This is easily done, she said, in a microwave oven. Her white spice poundcake recipe, which includes cinnamon, cloves and cocoa, is an example of her blending method.
Another long-term goal of Mrs. Beranbaum's was to make cakes and desserts less sweet, trying to lower the amount of sugar without ruining the recipe. Mrs. Beranbaum has also developed several low-cholesterol cakes by using fats other than butter.
She is particularly proud of a chocolate chiffon cake made with walnut oil. ''I didn't know that chocolate and walnut oil had a synergistic effect until I tried them together,'' she said. ''It's so rare to have something that really tastes like chocolate and doesn't have saturated fat in it.''
The cake does include eggs. She has devised a chocolate angel food cake, however, that is virtually cholesterol-free and, in her opinion, the only low-cholesterol cake ''worth eating.''
Including as many recipes as she does that call for quantities of egg yolks and sticks of butter, Mrs. Beranbaum is hardly a health fanatic. ''It's so controversial, what's good for you and all that stuff,'' she said. ''But you'd be a fool to think that eating cakes is like taking vitamins. You don't have a dessert to improve your blood chemistry.''
She went on to say that everyone's health was helped by being in a good frame of mind. It's hard to finish a piece of Beranbaum cake in any other kind.
These recipes are from ''The Cake Bible'' by Rose Levy Beranbaum.
White Spice Poundcake
Preparation time: 20 minutes Baking time: 40 to 55 minutes Oil for greasing the pan Flour for dusting the pan 1/4 cup milk 4 large egg whites, about 1/2 cup 2 teaspoons brandy 2 cups sifted cake flour 1 cup sugar 1 teaspoon baking powder 1/2 teaspoon salt 1/2 teaspoon cinnamon 1/2 teaspoon cloves 1 1/2 teaspoons unsweetened cocoa 16 tablespoons (2 sticks) softened unsalted butter.
- Preheat the oven to 350 degrees. Grease and flour one 6-cup fluted tube pan or loaf pan; if using a loaf pan, grease, line the bottom with parchment or wax paper, and then grease again and flour.
- In a medium-size bowl, lightly combine the milk, egg whites and brandy.
- In a large mixing bowl combine the dry ingredients and mix on low speed for 30 seconds to blend. Add the butter and half of the egg mixture. Mix on low speed until the dry ingredients are moistened. Increase to medium speed (high speed if using a hand mixer) and beat for 1 minute to aerate. Scrape down the sides. Add the remaining egg mixture in two batches, beating for 20 seconds after each addition to incorporate the ingredients. Scrape down the sides.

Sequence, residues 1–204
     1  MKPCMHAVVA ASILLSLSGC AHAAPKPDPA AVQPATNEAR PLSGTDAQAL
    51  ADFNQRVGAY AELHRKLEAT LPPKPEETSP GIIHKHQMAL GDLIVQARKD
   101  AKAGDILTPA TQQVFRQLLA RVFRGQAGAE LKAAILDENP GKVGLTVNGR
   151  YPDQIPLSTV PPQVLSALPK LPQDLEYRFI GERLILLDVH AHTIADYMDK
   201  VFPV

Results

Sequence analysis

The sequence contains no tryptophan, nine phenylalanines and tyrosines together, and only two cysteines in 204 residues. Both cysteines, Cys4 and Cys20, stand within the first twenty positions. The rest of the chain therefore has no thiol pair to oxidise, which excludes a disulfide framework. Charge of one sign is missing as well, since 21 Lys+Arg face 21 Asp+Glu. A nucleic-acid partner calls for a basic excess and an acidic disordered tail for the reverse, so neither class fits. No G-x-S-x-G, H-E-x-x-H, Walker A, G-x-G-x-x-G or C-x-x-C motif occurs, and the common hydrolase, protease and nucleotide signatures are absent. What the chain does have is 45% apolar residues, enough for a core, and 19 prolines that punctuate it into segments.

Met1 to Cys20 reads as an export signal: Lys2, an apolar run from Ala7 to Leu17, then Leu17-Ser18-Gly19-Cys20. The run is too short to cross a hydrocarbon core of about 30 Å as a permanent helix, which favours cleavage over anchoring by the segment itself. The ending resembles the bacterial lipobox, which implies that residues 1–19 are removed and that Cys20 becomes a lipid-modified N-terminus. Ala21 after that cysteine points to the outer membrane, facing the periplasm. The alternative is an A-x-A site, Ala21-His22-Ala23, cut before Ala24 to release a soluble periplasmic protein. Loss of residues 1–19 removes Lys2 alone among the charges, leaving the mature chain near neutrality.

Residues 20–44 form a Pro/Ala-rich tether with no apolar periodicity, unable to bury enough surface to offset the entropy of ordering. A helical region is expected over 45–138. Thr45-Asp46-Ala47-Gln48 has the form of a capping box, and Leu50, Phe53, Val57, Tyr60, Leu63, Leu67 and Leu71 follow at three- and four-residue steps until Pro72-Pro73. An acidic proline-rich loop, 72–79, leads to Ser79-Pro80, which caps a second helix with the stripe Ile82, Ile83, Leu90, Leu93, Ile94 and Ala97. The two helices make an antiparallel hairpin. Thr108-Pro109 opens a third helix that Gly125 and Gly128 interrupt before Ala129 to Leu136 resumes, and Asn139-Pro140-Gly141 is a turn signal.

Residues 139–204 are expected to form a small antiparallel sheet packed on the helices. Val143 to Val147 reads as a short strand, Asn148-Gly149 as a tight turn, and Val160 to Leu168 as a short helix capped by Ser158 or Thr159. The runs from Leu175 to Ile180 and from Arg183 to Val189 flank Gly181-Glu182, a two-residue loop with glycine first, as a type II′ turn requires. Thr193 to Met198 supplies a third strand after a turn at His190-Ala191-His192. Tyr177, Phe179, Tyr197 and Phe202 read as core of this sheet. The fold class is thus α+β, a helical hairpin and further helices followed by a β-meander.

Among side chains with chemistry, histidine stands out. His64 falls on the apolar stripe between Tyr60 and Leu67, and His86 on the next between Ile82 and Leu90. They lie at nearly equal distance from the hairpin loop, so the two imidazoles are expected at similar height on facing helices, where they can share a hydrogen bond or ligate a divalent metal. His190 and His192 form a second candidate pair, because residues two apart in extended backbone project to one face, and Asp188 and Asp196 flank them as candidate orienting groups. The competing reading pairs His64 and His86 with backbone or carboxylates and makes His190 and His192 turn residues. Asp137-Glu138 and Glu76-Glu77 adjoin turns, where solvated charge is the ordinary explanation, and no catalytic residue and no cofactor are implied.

- Scrape the batter into the prepared pan and smooth the surface with a spatula. The batter will almost fill the pan. Bake 40 to 50 minutes in a fluted tube pan (45 to 55 minutes in a loaf pan) or until a wire cake tester inserted in the center comes out clean and the cake springs back when pressed lightly in the center. (The cake should start to shrink from the sides of the pan only after removal from the oven.)
- For an attractive split down the middle of the crust when using a loaf pan, wait until the natural split is about to develop (about 20 minutes) and then with a lightly greased sharp knife or single-edged razor blade make a shallow mark 6 inches long down the middle of the cake. This must be done quickly so the oven door does not remain open very long or the cake will fall. When the cake splits, it will open along the mark.
- Let the cake cool in the pan on a rack for 10 minutes and invert onto a greased wire rack. If baked in a loaf pan, to keep the bottom from splitting reinvert so the top is up. Cool completely before wrapping airtight.
- Yield: 10 servings.
Chocolate Lover's Angel Food Cake
Preparation time: 30 minutes Baking time: 40 minutes 1/4 cup plus 1 tablespoon unsweetened cocoa (Dutch-processed) 2 teaspoons instant coffee 1/4 cup boiling water 2 teaspoons vanilla 1 3/4 cups sugar 1 cup sifted cake flour 1/4 teaspoon salt Whites of 16 large eggs, 2 cups 2 teaspoons cream of tartar.
- Preheat the oven to 350 degrees.
- In a medium bowl combine cocoa, coffee and boiling water and whisk until smooth. Whisk in vanilla.
- In another medium-size bowl combine 3/4 cup sugar, the flour and salt, and whisk to blend.
- In a large bowl beat the egg whites until frothy. Add the cream of tartar, and beat until soft peaks form when beater is raised. Gradually beat in the remaining 1 cup sugar, beating until very stiff peaks form when beater is raised slowly. Remove 1 heaping cup of egg whites and place it on top of the cocoa mixture.
- Dust flour mixture over remaining whites, 1/4 cup at a time, and fold in quickly but gently, using a large balloon wire whisk or slotted skimmer. It is not necessary to incorporate every speck until last addition.
- Whisk together the egg white and cocoa mixture, and fold into the batter until uniform. Pour into an ungreased, 10-inch, two-piece tube pan (the batter will come to within 3/4 inch of the top), run a small metal spatula or knife through the batter to prevent air pockets, and bake for 40 minutes or until a cake tester inserted in the center comes out clean and the cake springs back when lightly pressed. (The center will rise above the pan while baking and sink slightly when done. The surface will have deep cracks like a souffle.)
- Invert the pan, placing the tube opening over the neck of a soda or wine bottle to suspend it well above the counter, and cool the cake completely in the pan, about 1 1/2 hours.
- Loosen the sides with a long metal spatula and remove the center core of the pan. Dislodge bottom and center core with a metal spatula or thin, sharp knife. (A wire cake tester works well around the core. To keep the sides attractive, press spatula against sides of the pan and avoid up-and-down motion.) Invert onto a serving plate. Wrap airtight.
- Yield: 14 servings.